Reasons & Misconceptions of Adolescent Mental Health Disorders
Entering puberty often comes with the emergence of mental health issues. Researchers believe this is attributed to the following key factors:
- Hormones – During adolescence, the brain develops rapidly. At the same time, the body undergoes major hormonal changes. Studies have evidenced that when parts of the neural system do not follow the developmental rate of the body during teen years, it leads to the teenager experiencing changes in their behavior, mood, and thinking
- Environment – A teen’s mental health can be affected by traumatic experiences, such as a near-death instance. Exclusion, discrimination, stigma, one’s living conditions, as well as having a history of abuse, may also enhance the risk of an adolescent developing a mental health condition.
- Stress – Stress can have a detrimental effect on one’s mental and physical health, and can be triggered by various reasons, such as bullying and self-imposed pressure to perform well academically.
At this point, it is wise to distinguish typical moodiness and normal mood swings from a mental health disorder, because they are often (falsely) interchangeable terms. Some of the signs that could indicate mental health issues include:
- Withdrawing from/avoiding social activities and/or interactions(i.e., family gatherings, get-togethers among peers, etc.)or excessive secrecy.
- Eating (e.g., overeating or loss of appetite) and sleep problems (i.e., feeling tired all the time and wanting to sleep or being unable to sleep for a long period of time).
- Expressing excessive anger, hopelessness, or sadness (i.e., a constant repetition of thoughts like “I hate myself”, “I wish I was dead”, “I don’t care anymore” or “nothing matters”).
- Substance use (i.e., self-medicating with alcohol or drugs to help deal with low self-esteem and/or stress).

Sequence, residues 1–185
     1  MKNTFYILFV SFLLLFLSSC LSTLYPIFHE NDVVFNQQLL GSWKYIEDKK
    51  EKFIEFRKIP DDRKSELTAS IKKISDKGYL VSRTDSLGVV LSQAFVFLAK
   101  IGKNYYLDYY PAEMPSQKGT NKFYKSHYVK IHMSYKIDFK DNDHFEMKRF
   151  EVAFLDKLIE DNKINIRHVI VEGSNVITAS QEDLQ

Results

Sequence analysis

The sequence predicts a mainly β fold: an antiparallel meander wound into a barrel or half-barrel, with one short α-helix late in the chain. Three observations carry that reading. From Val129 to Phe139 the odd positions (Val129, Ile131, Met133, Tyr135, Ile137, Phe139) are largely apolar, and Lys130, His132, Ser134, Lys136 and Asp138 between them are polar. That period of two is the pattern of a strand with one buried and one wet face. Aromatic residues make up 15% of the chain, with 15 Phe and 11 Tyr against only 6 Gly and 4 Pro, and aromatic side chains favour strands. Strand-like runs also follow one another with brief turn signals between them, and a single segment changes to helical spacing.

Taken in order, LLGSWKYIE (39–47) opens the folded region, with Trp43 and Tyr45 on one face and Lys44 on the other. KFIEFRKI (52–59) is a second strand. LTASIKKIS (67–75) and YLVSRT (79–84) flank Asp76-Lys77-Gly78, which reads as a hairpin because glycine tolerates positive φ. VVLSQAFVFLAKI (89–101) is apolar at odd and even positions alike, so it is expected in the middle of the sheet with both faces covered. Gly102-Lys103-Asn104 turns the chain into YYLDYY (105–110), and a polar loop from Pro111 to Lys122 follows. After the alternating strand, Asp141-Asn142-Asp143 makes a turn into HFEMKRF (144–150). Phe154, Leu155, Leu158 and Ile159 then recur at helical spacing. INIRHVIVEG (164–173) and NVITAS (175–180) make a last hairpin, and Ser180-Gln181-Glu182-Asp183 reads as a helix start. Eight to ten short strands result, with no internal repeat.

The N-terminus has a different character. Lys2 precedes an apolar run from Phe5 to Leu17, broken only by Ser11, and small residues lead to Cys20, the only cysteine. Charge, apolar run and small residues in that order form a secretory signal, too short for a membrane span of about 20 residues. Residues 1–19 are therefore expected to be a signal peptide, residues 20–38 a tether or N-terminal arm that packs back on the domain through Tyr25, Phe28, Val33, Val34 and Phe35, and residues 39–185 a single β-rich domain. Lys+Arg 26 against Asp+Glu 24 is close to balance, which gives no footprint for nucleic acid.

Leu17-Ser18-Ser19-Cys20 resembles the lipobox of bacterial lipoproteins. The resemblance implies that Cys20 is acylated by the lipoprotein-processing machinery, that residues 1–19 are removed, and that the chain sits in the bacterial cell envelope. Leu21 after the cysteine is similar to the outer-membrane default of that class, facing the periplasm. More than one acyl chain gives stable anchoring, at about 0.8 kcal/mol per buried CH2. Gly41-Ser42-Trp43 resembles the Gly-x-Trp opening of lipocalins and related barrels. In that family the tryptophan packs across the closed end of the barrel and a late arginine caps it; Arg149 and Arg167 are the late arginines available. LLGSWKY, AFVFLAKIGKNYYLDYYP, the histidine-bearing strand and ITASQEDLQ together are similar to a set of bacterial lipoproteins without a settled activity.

- Difficult making decisions, ongoing sense of apathy, inability to concentrate when you used to be goal-oriented and focused, and a substantial drop in academic performance.
It is critical to get professional guidance and help and refrain from things like self-medicating to help ease the symptoms you, the teenager, or your adolescent child might be experiencing. Without proper treatment, things can quickly escalate and get worse, even lead to suicide attempts.
You can find top-quality, confidential assistance from trusted sources and government or non-profit organisations, which often have toll-free numbers to call on a 24/7 basis. So, you may call (or visit) the:
- NEDA (National Eating Disorders Association) helpline (1-800-931-2237 from Mon-Fri).
- NAMI (National Alliance on Mental Illness) helpline (1-800-95-6264).
- NHS (choose between the various mental health helplines and UK-based support groups provided there).
- TeenOnline hotline (310-855-4673 for USA and Canada)
- SAHM (Society for Adolescent Health and Medicine) website.
Nevertheless, a simple Google search with a term similar to “teenage mental health help” (don’t forget to include your country in the search) will provide you with a list of all available resources and reliable sites/communities/organisations you can get in touch with for teen mental illness-related concerns and issues. There is no need to suffer in silence. You are definitely not alone in this struggle. Time to claim the happy life you deserve now and forever. Support is within an arm’s reach.